“It is because of the ranking that this report has unique value to those countries that have a long way to go on economic reform. Think of a small sub-Saharan African country with a reformist government in place – how does it get international leverage for reform or gain global attention for what it has accomplished? The rankings exercise, with its very high profile, is tremendously valuable in this regard.”
While the Doing Business report has received regular low-level criticism since its introduction, much of this was technical.
Over the past year, however, the issue has become far more politicised, with certain countries – led by China – complaining that the report was biased in favour of capitalist systems. Beijing has wanted the World Bank to halt publication of the report outright.
Meanwhile, humanitarian, labour and other progressive groups have also stepped up calls to reform the report. On Monday, many of these groups found the panel review to be surprisingly in line with their own worries about Doing Business leading to a weakening of regulation.
“After years of working with small and micro enterprises in developing countries, (we) know that helping people to set up and run a business is only half the job,” Christina Chang, lead economist for CAFOD, the Catholic aid agency for Britain and Wales, said in an e-mail to IPS. “Without a conducive regulatory environment, the odds are stacked against their success and many may never even get off the ground.”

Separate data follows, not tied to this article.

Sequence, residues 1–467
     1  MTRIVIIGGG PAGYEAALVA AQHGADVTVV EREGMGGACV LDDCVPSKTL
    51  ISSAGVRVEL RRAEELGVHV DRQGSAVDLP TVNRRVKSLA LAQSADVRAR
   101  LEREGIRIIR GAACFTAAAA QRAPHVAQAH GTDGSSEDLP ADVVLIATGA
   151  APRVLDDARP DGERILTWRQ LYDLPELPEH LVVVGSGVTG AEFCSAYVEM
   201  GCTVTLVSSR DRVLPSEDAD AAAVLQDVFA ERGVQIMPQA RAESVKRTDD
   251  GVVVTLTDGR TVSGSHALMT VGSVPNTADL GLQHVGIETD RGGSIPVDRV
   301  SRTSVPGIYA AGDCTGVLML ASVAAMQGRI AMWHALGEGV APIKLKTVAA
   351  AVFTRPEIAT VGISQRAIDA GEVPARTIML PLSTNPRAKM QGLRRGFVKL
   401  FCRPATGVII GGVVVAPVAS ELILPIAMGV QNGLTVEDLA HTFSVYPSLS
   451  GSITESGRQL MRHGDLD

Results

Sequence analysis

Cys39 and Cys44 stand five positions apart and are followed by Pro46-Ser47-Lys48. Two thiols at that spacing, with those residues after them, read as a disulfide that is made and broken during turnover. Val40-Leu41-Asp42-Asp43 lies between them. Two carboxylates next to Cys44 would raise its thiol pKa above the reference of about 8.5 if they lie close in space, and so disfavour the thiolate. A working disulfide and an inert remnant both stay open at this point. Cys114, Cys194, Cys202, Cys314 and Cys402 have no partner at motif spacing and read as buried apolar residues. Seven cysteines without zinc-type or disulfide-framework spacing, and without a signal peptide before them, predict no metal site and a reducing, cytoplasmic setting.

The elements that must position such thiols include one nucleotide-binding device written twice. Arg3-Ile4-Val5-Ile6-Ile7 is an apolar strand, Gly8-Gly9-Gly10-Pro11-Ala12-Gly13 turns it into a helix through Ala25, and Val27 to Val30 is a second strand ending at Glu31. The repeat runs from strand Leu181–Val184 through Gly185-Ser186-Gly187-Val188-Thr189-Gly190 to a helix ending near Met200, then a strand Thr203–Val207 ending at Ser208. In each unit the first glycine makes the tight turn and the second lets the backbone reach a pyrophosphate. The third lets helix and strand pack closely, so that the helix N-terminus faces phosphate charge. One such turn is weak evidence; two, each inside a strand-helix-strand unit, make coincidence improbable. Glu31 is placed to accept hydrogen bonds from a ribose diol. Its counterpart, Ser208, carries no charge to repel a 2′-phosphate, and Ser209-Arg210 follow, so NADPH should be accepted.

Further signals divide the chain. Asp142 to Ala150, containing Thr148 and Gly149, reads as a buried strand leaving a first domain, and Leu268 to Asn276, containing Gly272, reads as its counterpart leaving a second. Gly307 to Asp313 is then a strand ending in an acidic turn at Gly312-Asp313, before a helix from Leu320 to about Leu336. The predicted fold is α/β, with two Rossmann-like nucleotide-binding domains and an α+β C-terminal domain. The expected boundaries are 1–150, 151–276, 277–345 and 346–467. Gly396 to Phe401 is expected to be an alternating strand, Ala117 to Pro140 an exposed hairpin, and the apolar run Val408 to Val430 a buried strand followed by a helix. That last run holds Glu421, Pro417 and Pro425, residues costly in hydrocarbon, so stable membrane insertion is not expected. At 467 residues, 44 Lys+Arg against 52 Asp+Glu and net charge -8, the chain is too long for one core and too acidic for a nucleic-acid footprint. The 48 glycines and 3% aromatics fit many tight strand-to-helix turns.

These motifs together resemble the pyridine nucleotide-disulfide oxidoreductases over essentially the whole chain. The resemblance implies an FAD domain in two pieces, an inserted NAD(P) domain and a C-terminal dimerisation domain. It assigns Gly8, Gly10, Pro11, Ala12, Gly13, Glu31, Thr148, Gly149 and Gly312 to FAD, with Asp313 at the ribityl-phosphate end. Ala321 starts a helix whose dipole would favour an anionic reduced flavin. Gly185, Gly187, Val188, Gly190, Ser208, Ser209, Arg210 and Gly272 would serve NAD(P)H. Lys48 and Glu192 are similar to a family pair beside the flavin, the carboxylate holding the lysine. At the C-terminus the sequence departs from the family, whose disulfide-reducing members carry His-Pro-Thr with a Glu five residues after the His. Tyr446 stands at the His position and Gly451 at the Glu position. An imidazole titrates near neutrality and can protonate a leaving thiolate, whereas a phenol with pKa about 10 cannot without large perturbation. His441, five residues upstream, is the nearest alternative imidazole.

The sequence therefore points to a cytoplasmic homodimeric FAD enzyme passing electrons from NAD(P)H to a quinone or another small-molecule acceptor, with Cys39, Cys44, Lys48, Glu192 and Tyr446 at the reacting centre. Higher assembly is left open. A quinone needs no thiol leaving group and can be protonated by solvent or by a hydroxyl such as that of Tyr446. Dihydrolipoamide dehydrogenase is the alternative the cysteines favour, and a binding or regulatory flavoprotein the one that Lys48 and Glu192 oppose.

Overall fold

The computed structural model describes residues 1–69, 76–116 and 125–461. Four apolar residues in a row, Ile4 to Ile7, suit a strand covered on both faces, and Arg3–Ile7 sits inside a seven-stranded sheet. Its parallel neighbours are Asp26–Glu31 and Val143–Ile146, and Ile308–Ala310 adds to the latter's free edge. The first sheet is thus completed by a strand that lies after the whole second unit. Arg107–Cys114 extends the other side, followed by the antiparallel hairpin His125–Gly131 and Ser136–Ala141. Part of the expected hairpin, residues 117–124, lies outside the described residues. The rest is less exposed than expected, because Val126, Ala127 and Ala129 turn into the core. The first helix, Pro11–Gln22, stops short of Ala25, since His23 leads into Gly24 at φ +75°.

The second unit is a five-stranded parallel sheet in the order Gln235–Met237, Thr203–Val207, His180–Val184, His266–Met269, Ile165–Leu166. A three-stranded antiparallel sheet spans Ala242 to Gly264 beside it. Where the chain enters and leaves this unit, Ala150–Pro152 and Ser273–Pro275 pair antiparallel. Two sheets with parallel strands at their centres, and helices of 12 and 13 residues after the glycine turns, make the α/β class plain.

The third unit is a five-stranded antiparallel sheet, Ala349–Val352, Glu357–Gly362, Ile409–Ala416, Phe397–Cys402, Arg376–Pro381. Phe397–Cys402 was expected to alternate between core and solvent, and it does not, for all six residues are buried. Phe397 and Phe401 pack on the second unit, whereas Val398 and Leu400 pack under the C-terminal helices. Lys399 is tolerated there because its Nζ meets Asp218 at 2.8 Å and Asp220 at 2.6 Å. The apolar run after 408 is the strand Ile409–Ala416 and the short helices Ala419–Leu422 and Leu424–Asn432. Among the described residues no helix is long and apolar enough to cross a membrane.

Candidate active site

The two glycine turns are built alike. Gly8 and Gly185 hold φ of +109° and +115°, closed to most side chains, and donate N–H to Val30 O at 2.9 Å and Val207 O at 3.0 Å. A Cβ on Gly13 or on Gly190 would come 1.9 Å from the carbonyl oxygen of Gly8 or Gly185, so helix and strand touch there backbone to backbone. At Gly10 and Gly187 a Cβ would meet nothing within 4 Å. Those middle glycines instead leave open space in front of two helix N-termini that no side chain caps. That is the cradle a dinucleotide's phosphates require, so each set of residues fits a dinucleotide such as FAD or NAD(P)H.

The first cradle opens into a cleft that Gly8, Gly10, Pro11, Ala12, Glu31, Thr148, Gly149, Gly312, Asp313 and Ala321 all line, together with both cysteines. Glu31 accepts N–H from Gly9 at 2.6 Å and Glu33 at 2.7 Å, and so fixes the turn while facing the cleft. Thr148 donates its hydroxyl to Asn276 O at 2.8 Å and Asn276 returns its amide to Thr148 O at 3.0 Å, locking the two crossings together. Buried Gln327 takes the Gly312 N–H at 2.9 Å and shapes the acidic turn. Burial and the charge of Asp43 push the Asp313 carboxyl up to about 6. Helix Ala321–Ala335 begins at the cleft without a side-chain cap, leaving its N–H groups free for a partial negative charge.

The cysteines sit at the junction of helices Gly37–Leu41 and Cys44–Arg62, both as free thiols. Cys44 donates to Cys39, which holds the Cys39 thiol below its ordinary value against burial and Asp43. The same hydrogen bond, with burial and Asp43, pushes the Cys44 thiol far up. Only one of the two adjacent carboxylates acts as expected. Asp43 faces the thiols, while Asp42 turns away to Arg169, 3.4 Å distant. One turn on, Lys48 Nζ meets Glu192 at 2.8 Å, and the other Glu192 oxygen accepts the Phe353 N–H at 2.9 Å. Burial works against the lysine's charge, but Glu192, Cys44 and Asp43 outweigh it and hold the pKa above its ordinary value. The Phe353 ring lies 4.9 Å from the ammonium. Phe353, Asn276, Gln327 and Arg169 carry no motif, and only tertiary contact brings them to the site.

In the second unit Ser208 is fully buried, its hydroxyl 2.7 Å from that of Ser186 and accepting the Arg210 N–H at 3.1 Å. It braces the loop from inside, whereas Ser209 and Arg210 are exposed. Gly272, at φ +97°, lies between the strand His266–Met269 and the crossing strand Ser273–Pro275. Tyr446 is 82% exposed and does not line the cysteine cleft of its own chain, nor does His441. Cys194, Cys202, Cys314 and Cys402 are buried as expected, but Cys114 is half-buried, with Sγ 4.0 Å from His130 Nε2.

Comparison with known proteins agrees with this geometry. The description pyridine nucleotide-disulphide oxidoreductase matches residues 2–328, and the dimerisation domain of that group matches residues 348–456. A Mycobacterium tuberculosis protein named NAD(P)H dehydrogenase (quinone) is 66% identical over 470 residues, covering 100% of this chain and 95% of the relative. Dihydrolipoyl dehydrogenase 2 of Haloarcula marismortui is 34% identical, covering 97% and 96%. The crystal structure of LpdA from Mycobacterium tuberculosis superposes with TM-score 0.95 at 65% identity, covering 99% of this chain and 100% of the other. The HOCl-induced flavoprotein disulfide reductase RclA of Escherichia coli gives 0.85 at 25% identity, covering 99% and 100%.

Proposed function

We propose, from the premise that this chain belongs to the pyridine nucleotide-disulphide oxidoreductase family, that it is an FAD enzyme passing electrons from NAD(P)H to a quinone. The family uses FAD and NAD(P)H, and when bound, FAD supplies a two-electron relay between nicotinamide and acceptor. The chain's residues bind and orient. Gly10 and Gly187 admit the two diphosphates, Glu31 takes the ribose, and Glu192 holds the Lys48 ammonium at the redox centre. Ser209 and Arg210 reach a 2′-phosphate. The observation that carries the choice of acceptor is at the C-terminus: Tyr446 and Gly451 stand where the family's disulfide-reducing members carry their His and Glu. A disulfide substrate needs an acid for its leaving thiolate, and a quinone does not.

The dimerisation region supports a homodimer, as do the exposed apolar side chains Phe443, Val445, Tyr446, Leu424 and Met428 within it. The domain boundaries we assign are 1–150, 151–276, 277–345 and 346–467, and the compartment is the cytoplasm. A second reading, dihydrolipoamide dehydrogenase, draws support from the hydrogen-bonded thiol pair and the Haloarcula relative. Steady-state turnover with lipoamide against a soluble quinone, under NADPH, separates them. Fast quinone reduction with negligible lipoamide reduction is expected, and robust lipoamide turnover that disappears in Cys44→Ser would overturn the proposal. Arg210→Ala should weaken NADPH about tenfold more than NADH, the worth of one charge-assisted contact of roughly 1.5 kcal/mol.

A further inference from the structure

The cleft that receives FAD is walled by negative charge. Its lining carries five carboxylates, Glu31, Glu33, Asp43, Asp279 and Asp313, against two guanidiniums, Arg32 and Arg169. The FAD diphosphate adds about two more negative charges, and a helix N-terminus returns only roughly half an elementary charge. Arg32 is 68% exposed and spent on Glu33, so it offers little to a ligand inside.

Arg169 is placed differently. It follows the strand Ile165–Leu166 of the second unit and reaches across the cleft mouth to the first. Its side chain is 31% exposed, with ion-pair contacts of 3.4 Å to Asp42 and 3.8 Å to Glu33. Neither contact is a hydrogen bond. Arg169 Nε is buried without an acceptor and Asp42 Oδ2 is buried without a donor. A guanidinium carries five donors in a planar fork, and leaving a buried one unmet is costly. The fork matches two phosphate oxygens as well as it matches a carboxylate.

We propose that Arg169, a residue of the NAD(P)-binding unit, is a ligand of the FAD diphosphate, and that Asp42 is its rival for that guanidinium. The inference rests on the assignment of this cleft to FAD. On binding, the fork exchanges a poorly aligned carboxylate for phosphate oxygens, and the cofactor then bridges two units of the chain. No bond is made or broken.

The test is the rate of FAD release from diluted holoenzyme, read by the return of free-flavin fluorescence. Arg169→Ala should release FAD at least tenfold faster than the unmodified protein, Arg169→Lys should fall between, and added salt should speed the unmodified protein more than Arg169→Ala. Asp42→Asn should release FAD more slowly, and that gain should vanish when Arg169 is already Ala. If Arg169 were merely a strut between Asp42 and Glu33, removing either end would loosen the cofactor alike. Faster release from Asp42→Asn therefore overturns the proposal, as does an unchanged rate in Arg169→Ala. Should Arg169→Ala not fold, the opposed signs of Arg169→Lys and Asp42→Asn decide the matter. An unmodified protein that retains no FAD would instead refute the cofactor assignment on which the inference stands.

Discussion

CAFOD has actively pointed to problems with scoring on the report.
“Some indicators are linked with a drive to lower labour standards and corporate taxation rates,” the agency states. “These are not ideas that other publications of the Bank endorse, and they should not be in their most influential publication.”
Yet the panel’s recommendations, some groups contend, now offer a potent opportunity.
“The panel’s report is a defining moment for World Bank policy to reflect the needs of working people, and a balanced approach to labour market regulation,” Sharan Burrow, general-secretary of the International Trade Union Confederation, said Monday in a statement. “If adopted, the World Bank has the opportunity to reshape the relationship between working people, business and governments.”